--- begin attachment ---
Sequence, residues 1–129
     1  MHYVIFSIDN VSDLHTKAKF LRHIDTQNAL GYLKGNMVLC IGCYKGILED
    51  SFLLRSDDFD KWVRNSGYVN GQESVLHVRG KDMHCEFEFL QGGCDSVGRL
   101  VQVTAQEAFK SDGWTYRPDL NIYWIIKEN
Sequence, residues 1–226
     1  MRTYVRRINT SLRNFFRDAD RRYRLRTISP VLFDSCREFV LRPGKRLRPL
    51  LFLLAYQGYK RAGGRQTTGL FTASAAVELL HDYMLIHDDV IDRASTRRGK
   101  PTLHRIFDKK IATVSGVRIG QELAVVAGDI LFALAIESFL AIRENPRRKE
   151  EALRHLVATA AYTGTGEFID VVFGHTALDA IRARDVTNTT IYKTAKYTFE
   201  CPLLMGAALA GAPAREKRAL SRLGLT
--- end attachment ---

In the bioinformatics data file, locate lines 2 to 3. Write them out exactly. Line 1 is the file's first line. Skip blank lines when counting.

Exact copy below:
     1  MHYVIFSIDN VSDLHTKAKF LRHIDTQNAL GYLKGNMVLC IGCYKGILED
    51  SFLLRSDDFD KWVRNSGYVN GQESVLHVRG KDMHCEFEFL QGGCDSVGRL